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The great T-Bill flood

Kris Xippolitos

By Kris Xippolitos

Head - Fixed Income Strategy

March 20, 2018

During periods of financial stress, certain short-term market relationships have traditionally been used to detect potential credit concerns. One such relationship is known as the LIBOR-OIS spread.

LIBOR, or the London Interbank Offered Rate, is an average interest rate that banks use to borrow (or lend) money to each other, for a given period of time. Each day, banks submit updates to these rates, which are also used regularly as a benchmark for other borrowing needs (i.e., mortgages, credit cards). OIS, or the Overnight Index Swap, is based off a country’s central bank rate (in the case of the US, the effective Fed Funds rate).

This rate is used if an institution wants to exchange fixed interest payments to variable rate (or vice-versa), with another institution, for a specified term. Considering these rates are tied to changes in monetary policy, both LIBOR and OIS tend to strongly correlate.

However, since LIBOR rates imply some level of credit risk, and OIS is based off a risk-free, these rates historically trade with a spread. That said, it’s understood that if this spread relationship widens, it could be due to some kind of stress within the financial system.

This was clear in 2008 and 2011, and it’s beginning to raise investors’ concerns yet again – see Figure 1. Midway through November 2017, the LIBOR-OIS spread traded roughly around 10 basis points (bp), just above historical low levels. Since, we have seen this relationship widen 43bp to 52bp, currently.

This is widest level for LIBOR-OIS since the 2011 European Debt Crisis –see Figure 2. But why is this happening? Credit conditions have remained relatively robust for quite some time, default rates are falling and corporate earnings expectations continue to rise.

 

So clearly, fundamentals are not the culprit. On the other hand, the technical environment is changing drastically and weighing on LIBOR rates, pushing 3-month LIBOR to 2.24%. An extraordinary 55bp move this year alone.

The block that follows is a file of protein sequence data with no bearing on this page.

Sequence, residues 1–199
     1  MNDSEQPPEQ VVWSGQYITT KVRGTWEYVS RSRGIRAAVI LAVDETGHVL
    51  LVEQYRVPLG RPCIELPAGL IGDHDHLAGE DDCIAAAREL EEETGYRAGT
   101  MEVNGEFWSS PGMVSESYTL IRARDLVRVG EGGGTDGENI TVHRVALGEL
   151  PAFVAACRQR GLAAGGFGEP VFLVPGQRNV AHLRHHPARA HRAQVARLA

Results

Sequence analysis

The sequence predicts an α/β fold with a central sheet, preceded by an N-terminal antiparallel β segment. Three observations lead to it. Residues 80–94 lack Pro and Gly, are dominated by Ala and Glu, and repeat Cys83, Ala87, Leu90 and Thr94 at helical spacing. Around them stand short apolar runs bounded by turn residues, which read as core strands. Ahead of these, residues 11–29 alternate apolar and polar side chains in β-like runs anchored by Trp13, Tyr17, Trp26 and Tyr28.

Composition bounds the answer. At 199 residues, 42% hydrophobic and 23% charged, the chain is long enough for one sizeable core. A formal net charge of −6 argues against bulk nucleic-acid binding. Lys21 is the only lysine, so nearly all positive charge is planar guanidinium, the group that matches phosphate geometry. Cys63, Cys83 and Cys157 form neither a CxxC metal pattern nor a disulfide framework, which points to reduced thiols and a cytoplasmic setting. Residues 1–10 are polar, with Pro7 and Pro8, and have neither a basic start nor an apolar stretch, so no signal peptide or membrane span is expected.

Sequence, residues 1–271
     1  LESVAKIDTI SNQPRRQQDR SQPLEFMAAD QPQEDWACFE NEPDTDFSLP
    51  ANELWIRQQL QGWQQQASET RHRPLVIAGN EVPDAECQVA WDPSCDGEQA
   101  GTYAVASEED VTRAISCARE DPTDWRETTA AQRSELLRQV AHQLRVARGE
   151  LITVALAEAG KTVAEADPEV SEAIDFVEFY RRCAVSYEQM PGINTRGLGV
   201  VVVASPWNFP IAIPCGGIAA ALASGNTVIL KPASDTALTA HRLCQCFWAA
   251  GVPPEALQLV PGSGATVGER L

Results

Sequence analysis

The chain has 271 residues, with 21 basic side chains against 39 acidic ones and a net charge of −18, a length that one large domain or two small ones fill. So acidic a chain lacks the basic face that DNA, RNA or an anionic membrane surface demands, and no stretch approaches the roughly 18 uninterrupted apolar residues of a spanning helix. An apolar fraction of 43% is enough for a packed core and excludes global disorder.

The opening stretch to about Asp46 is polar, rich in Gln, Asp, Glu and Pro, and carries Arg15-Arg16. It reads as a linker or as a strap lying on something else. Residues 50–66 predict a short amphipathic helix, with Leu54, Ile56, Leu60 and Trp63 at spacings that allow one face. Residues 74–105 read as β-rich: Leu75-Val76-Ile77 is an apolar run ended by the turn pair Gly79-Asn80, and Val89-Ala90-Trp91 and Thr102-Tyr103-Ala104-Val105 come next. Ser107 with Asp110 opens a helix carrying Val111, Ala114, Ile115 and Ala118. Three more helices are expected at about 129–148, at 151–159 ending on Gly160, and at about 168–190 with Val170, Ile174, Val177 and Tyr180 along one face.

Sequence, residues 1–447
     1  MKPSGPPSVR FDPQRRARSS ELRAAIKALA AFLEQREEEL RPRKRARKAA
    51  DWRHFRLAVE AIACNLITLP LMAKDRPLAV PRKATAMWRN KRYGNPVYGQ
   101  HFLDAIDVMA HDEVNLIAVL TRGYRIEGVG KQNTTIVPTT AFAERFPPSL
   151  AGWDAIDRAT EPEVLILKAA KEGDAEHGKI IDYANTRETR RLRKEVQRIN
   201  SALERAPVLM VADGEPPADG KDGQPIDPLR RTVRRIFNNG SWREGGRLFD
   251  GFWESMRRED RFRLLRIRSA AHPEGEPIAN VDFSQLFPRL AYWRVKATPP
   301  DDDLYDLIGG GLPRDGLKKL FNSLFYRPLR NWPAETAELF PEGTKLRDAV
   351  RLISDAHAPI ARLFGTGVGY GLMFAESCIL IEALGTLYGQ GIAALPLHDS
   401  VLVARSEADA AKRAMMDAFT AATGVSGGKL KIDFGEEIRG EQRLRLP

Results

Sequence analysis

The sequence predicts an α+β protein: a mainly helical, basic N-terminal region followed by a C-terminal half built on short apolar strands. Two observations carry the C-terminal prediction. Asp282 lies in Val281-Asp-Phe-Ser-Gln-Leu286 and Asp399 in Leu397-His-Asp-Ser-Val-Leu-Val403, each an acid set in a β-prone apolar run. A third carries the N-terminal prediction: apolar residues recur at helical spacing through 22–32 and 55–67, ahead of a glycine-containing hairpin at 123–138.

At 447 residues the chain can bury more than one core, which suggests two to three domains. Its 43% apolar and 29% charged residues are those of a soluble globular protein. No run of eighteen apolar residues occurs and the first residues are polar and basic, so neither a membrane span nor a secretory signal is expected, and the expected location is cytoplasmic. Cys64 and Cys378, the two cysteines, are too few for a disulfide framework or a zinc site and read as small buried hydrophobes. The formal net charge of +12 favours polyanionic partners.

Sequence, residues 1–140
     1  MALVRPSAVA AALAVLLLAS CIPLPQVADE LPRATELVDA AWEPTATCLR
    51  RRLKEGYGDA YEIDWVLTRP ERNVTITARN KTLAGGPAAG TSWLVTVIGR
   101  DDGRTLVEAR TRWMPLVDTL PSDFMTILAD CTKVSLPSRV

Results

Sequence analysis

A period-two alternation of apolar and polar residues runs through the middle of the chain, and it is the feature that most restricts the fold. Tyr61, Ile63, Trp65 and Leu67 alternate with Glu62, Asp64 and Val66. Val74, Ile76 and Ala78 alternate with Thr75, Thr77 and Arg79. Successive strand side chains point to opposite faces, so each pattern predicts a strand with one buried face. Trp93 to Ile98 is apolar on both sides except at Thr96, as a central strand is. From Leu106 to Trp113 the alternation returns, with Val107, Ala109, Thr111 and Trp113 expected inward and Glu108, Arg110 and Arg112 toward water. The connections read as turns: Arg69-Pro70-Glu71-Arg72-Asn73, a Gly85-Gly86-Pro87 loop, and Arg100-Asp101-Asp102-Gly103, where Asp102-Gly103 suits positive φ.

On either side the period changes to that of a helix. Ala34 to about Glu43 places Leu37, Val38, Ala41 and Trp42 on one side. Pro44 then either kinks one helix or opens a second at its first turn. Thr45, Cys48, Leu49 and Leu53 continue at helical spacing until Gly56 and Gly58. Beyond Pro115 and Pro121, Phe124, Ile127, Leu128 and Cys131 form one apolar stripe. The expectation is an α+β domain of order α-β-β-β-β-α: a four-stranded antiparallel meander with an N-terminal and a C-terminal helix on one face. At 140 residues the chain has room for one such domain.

The impacts of US tax reform and the repatriation of off-shore profits has been discussed as a possible contributor. While broadly positive for the US economy, we may be seeing signs of repositioning in an effort to create additional liquidity as corporations decide what they may want to do with this newly accessible cash.

Though we have not seen any conclusive evidence around the rise in tax-receipts, there has been a noticeable increase in the assets under management (AUM’s) of government money market funds (MMFs) – see Figure 3.

 

As we remember from 2016, US money market reform changed the way managers of prime MMFs were allowed to invest. Reforms also changed the value proposition for investors looking to park cash, resulting in massive outflows.

Considering European and Japanese banks heavily rely on prime MMFs for their US dollar funding (through commercial paper issuance or certificates of deposits), lower AUMs resulted in declining demand for CP and CDs. This forced many non-US banks to turn to the inter-bank market instead, pushing LIBOR rates up. It’s hard to know how much in off-shore profits are actually held in short-term CP issued by European and Japanese banks.

Though if repatriated, these funds would likely end up in government MMFs which do not buy CP. Thereby forcing these banks to yet again search for US dollars in the interbank market. What to us is more clear, is the recent flood of T-Bill issuance and its role in pushing LIBOR-OIS spreads wider.